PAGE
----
Rochelle Kelly Vail, a California native, lives in the San Francisco Bay Area with her husband, two dogs and two cats.
A Dog's Tale
by Rochelle Kelly Vail
A Dog's Tale
by Rochelle Kelly Vail
Published Oct 09, 2007
Genre: JUVENILE FICTION / Readers / Beginner
Humor, adventure, hope and courage combine in this memorable tale of loss and discovery.
Contrary to what you’ve always heard, a dog's life is never simple.
To his dismay, the life of an insecure pup, too young yet to have earned a name, changes overnight in this tale about six former pets who meet and bond inside a rehabilitative hospital for animals.
Just what happened to his family is the biggest mystery our main character, known as "Dog," must figure out in this fast-paced adventure that takes the animals on the road and into surprising and sometimes harrowing situations in which their instincts might be the only thing they can trust.
The critters: a stuttering ferret, yappy small dog, blind cat, shy gerbil, and tough old canine who follow Dog everywhere seem determined to find in him what he cannot see in himself. And when one of their members is stolen away and the pack plots his rescue, Dog is tested in a way he could have never imagined.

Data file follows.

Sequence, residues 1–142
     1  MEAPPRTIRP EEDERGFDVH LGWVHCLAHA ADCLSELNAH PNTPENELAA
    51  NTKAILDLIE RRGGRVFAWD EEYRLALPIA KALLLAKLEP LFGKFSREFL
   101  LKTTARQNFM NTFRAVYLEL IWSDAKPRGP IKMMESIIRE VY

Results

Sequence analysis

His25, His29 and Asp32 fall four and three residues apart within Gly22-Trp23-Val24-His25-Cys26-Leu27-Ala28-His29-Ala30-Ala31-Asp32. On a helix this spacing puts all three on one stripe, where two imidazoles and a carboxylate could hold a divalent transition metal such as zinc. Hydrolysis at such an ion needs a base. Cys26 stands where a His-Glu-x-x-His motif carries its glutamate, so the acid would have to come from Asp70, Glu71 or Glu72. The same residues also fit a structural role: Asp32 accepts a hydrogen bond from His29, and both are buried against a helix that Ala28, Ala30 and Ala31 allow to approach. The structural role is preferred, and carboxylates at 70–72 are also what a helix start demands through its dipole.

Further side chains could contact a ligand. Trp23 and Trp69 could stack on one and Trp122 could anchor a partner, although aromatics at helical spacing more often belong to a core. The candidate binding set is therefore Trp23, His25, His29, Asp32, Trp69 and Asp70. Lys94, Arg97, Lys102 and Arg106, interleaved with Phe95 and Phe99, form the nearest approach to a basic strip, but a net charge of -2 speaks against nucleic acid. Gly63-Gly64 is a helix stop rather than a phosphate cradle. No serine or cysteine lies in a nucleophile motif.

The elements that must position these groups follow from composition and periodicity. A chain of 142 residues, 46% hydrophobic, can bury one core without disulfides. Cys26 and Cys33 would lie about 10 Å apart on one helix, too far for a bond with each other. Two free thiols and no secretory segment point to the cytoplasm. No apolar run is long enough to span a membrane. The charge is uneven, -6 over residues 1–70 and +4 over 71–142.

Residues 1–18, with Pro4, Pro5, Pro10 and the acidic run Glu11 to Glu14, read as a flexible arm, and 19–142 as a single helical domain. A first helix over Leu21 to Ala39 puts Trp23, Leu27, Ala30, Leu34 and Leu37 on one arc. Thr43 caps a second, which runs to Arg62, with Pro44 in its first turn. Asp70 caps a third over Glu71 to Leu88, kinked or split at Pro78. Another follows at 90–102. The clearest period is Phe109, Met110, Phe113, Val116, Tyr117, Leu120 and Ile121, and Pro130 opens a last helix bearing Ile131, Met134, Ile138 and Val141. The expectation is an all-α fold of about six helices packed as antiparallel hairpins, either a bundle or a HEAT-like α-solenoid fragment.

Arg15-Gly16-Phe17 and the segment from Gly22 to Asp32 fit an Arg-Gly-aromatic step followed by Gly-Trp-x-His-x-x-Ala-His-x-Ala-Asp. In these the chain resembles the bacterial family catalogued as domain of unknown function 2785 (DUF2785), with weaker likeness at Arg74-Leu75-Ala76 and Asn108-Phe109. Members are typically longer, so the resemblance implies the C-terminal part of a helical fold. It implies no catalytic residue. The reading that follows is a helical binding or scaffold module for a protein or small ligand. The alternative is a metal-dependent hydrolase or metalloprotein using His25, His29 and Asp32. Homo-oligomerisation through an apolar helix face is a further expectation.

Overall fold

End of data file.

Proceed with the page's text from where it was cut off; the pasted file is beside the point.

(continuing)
“Uprights must surely live there!” I tell the critters about the house I saw in the woods. The ferret, as usual, is the lone voice. “I I I I don’t think this is is is is such a good idea,” he says. But no one listens. They trot toward the edge of the forest, waiting for my lead, and I comply. Tearing with my teeth at the tall and prickly brush, stomping down with my front paws (when did they grow so large?!), I try carving out a clean path for the others to follow. But cat doesn’t wait. Taking over the lead, she slinks silently under low hanging branches, like those critters that slither along the dirt until they’re right under your feet, ready to strike. Stepping long and low into her tiny footsteps, we hardly make a sound, and I wonder if this is what it’s like to be a snake. “Ca ca ca ca cat!” screams the ferret. “Shooooooosh,” scold the others. “Aaaahemmm,” he darts back. “Is s s s isn’t this how ca ca ca cats stalk mice?!” he bellows toward the direction of the gerbil, who waddles beside me. “I can still taste their salty skin,” The feline says to no one in particular, licking her whiskered lips. I throw back my head to quiet the foolish ferret that clings to my neck. “Hey! Wa wa wa what’s the big idea?” Cat throws a sidelong glance at the shaking gerbil who stops in her tracks and huddles to the ground, shaking so violently, I think her hair might fall right off, likes leaves blown clean off a tree during a storm. Lowering my head now, as the ferret falls toward my brows, I lick the back of the gerbil and ask if she’d like a ride. “Pfffft!” She looks up at the ferret who sounds his annoyance, then looks back at me. “No thank you.” The gerbil plods alongside me – one eye forward, the other on cat. We come to the edge of the thorny dark forest and step out onto dusty brown covering. I swing my head from side to side, growling low until all eyes are on me and the pack stops in its tracks. I’m still not sure why they look to me for direction, ask me to lead, follow me anywhere. “Why why why why’d we stop, dog?!” The ferret yells into my ear. I shake violently to release the piercing pain and he swings off my back, tumbling to the ground like dust balls on a hot day. “Heeeeeeeeee,” the pack snickers. “Grrrrrrrrr,” I sound again, deeper and louder. The big dog trots gently to the front, making “plop plop plop” sounds as his large feet touch down. He stops in front of me, shifting in the air. His big ears stand tall and I know he hears it too. A shiver runs the length of my spine as I feel my tail swing back and forth. “What do ya want to do bout it?” he asks in a low, calm voice that hangs in the air. Do? Why do I have to do anything? I search his eyes for the answer. They offer none. We hold each other’s gaze for a while, and then his eyes drop to my feet. I look down too, thinking the answer is down there. Finally, he speaks. “You know we need a home, but.” He stops. “Something bad has happened here.” I need to lie down. My head is thick and my stomach burns. I walk in a circle to nowhere in particular and sit down. I feel my eyes closing, but something stirs me awake. I open them to find the pack staring at me, eight pairs of eyes searching for the answer. And they think I have it. “We must not. We cannot.” A noise, like a tummy gurgle, escapes my throat. “We have to keep going.” “Whaaaaat?” It is the ferret that launches first. Then little dog. “But my pads are so tired!” he moans. And the gerbil. “I don’t think I can,” she says. I look at big dog who watches us intently. He turns his head quickly and walks in a circle for a moment or two before settling into a comfortable circle on the dusty ground. I stare at the back of his head willing it to turn around and face them and their questions. But the big, bulky head doesn’t leave the edge of his paws.